Tuesday, June 21st 2022, 10:15 am - The next time you see a pollinator, give it some space. It has important work to do.
We owe a lot to pollinators.
Some scientists believe they are responsible for bringing us one out of every three bites of food we eat, and they help sustain our ecosystems by helping plants reproduce.
Here are four pollinator species you can find in Canada, and one honourable mention.
Courtesy: Kendra Forester.
Bees of all types are an important part of the ecosystem. On a global scale, they pollinate upwards of 80 per cent of the world's plants across 90 different food crops. A 2006 study found bees affect about one-third of the world's food production. There are 855 species of bees that are native to Canada and around 16,000 species of bees worldwide.
VIDEO: BEE POLLINATING FLOWERS
Courtesy: Toonie Irving.
There are around 2,000 species of wildflower-pollinating birds on the planet, according to the U.S. Forest Service.
In Canada, one of the most popular pollinating birds is the hummingbird. On a global scale, upwards of 7000 plant species rely on hummingbirds to pollinate them.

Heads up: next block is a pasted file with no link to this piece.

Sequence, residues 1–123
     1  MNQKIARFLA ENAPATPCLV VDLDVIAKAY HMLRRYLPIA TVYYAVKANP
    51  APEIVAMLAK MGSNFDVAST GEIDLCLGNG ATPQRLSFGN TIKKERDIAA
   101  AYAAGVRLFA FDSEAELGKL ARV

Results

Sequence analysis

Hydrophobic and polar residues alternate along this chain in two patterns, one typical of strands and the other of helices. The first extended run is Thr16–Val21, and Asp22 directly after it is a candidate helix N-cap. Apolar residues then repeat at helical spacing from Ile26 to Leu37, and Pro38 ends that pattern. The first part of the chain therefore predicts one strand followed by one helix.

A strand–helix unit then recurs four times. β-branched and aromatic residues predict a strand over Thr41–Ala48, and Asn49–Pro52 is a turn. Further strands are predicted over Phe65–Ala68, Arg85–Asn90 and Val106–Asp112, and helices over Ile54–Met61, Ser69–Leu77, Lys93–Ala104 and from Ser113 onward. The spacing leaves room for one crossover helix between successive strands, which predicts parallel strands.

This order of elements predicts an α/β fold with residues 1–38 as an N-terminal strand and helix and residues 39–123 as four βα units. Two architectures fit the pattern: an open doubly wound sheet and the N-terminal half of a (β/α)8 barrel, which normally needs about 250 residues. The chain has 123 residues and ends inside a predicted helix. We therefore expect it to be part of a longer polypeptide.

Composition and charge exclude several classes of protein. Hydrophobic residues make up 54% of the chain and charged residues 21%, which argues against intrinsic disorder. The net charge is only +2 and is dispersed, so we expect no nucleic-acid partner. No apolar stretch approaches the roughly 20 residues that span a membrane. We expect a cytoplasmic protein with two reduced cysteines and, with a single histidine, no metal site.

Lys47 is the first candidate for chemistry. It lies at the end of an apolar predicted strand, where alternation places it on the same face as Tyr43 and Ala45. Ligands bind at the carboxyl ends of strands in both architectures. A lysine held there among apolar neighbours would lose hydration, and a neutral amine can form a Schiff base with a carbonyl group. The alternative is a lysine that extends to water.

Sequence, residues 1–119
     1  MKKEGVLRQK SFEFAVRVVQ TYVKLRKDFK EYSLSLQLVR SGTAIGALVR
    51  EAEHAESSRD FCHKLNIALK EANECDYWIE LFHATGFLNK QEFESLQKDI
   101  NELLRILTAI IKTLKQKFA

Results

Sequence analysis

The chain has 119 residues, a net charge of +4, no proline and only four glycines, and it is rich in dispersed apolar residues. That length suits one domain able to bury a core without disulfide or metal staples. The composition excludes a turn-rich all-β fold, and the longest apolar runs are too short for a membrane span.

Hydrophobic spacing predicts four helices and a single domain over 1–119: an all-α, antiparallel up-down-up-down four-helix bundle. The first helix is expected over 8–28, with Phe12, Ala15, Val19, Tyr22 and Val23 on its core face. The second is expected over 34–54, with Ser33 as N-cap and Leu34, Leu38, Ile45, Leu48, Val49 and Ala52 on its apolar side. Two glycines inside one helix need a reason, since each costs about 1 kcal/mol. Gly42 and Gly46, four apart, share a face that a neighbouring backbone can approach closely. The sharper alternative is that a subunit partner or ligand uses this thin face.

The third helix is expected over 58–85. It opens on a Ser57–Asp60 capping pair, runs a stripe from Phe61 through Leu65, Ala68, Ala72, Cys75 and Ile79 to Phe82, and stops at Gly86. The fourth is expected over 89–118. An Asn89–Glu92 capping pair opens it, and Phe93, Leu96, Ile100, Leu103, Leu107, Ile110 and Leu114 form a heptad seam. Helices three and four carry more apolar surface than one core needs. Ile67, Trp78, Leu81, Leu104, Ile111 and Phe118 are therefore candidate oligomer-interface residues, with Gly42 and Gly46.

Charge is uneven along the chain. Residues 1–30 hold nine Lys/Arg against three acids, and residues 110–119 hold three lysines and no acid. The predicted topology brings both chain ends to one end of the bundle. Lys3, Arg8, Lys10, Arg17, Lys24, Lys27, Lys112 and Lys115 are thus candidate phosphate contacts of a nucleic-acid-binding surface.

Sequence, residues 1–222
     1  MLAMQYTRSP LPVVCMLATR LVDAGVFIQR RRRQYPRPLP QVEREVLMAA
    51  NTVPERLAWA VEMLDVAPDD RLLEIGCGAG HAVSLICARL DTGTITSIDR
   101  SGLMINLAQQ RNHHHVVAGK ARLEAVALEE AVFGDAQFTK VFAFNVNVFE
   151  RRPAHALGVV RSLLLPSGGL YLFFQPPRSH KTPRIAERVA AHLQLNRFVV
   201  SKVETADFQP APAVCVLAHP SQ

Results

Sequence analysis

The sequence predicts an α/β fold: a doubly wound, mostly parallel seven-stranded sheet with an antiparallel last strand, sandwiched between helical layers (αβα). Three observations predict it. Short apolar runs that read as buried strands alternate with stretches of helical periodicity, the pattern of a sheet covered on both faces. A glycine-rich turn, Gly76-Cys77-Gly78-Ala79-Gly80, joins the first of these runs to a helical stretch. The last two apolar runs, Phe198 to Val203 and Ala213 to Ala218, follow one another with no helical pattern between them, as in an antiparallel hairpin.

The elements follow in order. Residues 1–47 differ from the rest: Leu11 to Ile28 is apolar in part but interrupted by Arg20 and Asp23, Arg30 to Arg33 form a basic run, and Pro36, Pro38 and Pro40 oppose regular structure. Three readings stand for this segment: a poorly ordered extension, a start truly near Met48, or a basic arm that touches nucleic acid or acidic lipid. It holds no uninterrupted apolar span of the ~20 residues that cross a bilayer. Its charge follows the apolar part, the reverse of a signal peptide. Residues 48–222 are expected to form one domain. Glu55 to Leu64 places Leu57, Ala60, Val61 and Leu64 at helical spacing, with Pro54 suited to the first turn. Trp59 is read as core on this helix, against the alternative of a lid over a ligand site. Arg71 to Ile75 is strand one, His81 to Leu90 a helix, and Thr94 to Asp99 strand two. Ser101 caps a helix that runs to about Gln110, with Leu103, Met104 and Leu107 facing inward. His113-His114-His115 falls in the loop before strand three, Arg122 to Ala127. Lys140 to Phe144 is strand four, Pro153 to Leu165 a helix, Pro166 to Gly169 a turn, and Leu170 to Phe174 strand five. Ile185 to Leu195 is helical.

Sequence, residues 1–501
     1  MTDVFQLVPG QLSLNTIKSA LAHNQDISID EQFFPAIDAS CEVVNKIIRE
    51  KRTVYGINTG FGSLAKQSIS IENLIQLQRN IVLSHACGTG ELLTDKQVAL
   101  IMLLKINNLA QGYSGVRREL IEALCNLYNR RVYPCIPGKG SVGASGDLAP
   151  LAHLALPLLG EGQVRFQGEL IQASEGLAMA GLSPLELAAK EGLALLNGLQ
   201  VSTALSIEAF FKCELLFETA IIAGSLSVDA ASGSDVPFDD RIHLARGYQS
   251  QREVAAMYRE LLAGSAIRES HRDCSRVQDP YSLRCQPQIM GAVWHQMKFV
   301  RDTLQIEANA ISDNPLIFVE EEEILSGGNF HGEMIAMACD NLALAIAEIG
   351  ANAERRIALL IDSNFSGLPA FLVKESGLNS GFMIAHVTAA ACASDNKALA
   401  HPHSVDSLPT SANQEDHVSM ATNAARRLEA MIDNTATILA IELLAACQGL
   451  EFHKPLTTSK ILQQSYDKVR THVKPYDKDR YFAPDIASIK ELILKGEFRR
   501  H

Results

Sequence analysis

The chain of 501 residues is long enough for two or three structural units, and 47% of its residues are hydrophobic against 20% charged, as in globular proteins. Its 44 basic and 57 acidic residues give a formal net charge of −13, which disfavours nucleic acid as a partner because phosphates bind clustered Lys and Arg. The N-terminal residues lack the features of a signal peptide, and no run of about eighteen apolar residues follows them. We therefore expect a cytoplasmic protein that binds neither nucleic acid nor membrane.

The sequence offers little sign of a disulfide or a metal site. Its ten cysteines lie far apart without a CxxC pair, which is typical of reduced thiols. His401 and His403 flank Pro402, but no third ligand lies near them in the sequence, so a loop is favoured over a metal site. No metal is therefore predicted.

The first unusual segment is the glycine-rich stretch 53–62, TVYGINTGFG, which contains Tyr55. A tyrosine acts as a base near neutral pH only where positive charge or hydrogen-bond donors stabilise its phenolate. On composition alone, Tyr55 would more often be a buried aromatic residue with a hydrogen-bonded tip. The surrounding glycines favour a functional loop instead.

Moths are important night-time pollinators, according to a recent study in the journal Biology Letters.
The paper found moths are important, and often overlooked night-shift pollinator that visits more plant species than bees.
"[Nocturnal moths] complement the work of daytime pollinators, helping to keep plant populations diverse and abundant," Richard Walton, an environmental scientist at University College London and lead author of the study, said in a news release.
Courtesy: Kim Anderson.
Butterflies are active daytime pollinators, visiting a range of wildflowers.
Unlike bees, butterflies can see red, and they prefer bright red, yellow, and orange flowers that typically bloom in clusters and have landing platforms.
VIDEO: MONARCH BUTTERFLY INSPECTS FLOWERS
HONOURABLE MENTION: BATS
There are no pollinating species of bats in Canada but they are important contributors in tropical and desert climates. According to the University of California, bats pollinate over 300 species of fruit.
Courtesy: U.S. Forest Service.